Boston’s Apollo: Thomas McKeller and John Singer Sargent

Although museums in Boston remain closed, The Isabella Stewart Gardner exhibition “Boston’s Apollo: Thomas McKeller and John Singer Sargent” has been so well received by New York Times co-chief art critic, Holland Cotter, I thought I’d  check it out and share it with those of you who love art and in particular are craving something deeper than the “flavor of the week” with Netflix programming.

The small show centers on a rather sensational painting and the unlikely relationship between the artist and his muse, Thomas Eugene McKeller (1890-1962). McKeller was a bellhop and elevator attendant at Boston’s deluxe Hotel Vendome, where Sargent often stayed, and one of the many beautiful men he hired as studio models. Interestingly, Cotter points out that McKeller may have been the only African-American to model for Sargent.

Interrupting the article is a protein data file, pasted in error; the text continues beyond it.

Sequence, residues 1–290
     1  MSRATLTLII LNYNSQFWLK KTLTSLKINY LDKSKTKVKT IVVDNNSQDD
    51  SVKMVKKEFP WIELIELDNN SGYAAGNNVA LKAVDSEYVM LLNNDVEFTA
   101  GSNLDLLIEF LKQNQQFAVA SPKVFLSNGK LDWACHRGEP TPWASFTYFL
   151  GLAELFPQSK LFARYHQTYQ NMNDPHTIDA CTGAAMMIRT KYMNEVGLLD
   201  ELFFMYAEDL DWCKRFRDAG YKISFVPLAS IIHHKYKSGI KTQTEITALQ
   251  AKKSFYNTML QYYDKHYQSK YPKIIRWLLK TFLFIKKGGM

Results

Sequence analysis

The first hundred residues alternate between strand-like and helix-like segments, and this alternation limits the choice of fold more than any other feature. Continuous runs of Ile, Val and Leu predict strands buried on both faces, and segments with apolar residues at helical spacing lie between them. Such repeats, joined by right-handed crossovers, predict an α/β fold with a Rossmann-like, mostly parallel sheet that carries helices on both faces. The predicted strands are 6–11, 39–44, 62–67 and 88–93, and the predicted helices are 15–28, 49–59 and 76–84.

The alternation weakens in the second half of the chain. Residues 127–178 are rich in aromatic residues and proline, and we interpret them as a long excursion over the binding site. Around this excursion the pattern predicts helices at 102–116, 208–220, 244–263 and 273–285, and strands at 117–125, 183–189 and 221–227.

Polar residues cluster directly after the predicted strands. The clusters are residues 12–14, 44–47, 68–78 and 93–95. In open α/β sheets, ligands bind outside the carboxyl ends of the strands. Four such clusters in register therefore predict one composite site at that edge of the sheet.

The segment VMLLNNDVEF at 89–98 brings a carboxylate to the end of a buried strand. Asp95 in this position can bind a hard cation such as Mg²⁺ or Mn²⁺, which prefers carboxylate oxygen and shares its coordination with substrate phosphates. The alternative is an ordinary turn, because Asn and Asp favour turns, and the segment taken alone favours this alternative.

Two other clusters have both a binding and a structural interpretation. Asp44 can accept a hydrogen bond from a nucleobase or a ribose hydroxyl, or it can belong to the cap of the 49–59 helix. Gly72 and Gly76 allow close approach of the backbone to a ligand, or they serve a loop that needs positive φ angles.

I’m sure nudes of an African American man drawn by a world famous American painter would have seemed outrageous at the time. But what is even more amazing was how McKeller was / is the face of many other famous paintings by Sargent, which until recently nobody knew. It makes me wonder if there was more to the relationship than meets the eye – McKeller certainly was special  to be singled out by the artist.  For more information, read the NYT article, that initially caught my attention.

One response to “Boston’s Apollo: Thomas McKeller and John Singer Sargent

  1. Tricia Herman

    The murals at the MFA ,have always been my
    Favorite .Breathtaking is the best description.Astonishing, beyond words.
    To know about the modeling of Thomas McKeller gives me that much more appreciation for the inspiration that produced
    Such beauty in theme and harmony.

    Like

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